Searchable abstracts of presentations at key conferences in obesity
Obesity Abstracts (2021) 3 P2 | DOI: 10.1530/obabs.3.P2

OU2021 POSTER PRESENTATIONS All items (5 abstracts)

Resistant Hypocalcemia in a patient after Roux-en-Y gastric bypass

Hessa Boharoon & Alexander Miras

Imperial NHS, London, United Kingdom

Introduction: It is known that bariatric operations cause nutritional deficiencies especially calcium and vitamin D. Reported hypocalcemia after bariatric surgery ranges from 1% after Roux-en-Y gastric bypass (RYGB) to 25% after bilio-pancreatic diversion-duodenal switch. This is mainly the result of bypassing the preferential sites for calcium and vitamin D absorption. Apart from the bariatric operations, hypocalcemia commonly occurred after total thyroidectomyin 20 percent of patients. Risk of hypocalcemia will increase further after RYGB in history of thyroidectomy, which will make it more difficult to manage.

Case: We are presenting a 49 year-old female with a BMI of 35kg/m2 presenting to our clinic for obesity management. She had a previous total thyroidectomy for a compressive goiter 10 years previously, which was complicated by hypoparathyroidism. Which was managed by oral calcium carbonate 1.5 g and alfacalcidol 1mcg bd, with calcium of 2.13 to 2.28 mmol/l. She also had history of connective tissue disease for which she received prednisolone and type 2 diabetes mellitus. She underwent a RYGB in November 2020. Day 1 post-surgery her calcium level was 1.71 mmol/l requiring intravenous replacement in-addition to oral alfacalcidol. She returned 3 months later complaining of paraesthesiae, diarrhoea and a very low calcium of 1.40, phosphate 1.51 mmol/l with parathyroid hormone of 1.2 pmol/l and vitamin D level 79.2 nmol/l. Investigations into her diarrhoea revealed sever bile acid malabsorption for which she was started on colesevelam. She required substantial increases to her alfacalcidol dose (3 mcg bd) before the calcium increased to 1.81 mmol/l.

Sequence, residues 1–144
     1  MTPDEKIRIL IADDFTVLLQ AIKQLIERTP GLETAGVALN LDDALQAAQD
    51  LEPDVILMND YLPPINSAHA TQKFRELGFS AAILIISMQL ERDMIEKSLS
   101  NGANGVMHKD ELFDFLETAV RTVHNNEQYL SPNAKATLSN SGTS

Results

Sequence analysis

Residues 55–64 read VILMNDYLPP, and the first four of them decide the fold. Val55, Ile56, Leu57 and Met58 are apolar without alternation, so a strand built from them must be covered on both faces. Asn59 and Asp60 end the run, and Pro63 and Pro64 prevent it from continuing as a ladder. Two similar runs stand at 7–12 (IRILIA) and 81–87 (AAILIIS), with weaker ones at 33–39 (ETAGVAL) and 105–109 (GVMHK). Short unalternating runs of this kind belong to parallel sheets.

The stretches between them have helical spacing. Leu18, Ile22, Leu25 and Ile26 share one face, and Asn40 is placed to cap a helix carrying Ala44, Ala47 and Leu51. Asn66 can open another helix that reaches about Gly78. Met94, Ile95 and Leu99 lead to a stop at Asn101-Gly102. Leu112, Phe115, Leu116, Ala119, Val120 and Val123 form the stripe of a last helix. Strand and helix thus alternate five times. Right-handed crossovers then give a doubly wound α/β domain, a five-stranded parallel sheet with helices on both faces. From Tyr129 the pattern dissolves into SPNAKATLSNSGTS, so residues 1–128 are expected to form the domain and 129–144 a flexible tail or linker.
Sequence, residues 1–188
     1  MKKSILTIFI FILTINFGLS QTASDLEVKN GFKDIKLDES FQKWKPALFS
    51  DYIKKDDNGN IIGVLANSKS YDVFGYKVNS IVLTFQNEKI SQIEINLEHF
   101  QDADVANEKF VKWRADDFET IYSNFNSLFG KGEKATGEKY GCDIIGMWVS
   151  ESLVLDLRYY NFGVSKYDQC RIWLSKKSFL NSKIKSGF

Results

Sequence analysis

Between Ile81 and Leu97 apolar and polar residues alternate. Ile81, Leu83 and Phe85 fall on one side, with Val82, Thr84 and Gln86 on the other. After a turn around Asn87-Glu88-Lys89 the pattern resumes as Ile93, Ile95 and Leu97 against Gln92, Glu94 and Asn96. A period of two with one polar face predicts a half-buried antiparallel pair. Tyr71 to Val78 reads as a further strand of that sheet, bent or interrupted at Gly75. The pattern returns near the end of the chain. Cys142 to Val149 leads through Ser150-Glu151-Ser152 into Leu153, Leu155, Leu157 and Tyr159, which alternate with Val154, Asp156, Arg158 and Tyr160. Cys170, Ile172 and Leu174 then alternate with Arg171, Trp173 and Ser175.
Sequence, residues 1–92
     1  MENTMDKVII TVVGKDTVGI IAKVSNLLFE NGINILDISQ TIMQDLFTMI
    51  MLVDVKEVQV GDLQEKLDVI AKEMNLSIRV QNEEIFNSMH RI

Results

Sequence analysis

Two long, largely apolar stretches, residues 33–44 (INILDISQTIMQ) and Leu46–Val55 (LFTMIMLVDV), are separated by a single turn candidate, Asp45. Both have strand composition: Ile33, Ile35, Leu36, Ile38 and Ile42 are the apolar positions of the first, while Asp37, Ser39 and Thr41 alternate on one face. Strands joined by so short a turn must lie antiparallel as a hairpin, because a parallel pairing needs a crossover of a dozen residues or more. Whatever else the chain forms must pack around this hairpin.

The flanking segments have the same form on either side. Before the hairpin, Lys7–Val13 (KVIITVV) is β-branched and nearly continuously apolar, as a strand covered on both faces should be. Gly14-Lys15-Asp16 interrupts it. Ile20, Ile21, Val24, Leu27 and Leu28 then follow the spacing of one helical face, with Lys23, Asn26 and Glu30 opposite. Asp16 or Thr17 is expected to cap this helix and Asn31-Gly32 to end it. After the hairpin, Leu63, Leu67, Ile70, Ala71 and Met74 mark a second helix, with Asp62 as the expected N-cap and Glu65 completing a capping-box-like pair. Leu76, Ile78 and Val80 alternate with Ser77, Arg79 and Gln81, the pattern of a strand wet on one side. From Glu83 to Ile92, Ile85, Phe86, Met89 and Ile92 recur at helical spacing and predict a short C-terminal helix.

Conclusion: Our case demonstrates two main factors of post-gastric bypass hypocalcaemia. The main one is malabsorption of oral calcium and vitamin D which normally takesplace in the duodenum and jejunum; bypassing this segment after RYGB and a higher pH contribute to the reduction in absorption. Secondly, severe bile acid malabsorption which presented very soon after her operation, might have further reduced the absorption of vitamin D. To our knowledge our case is the second in the literature presenting RYGB hypocalcemia in a patient with hypoparathyroidism. In such cases higher doses of alfacacidol seem to be necessary to maintain desired calcium concentrations.

Volume 3

Obesity Update 2021

Online, United Kingdom
30 Jun 2021 - 01 Jul 2021


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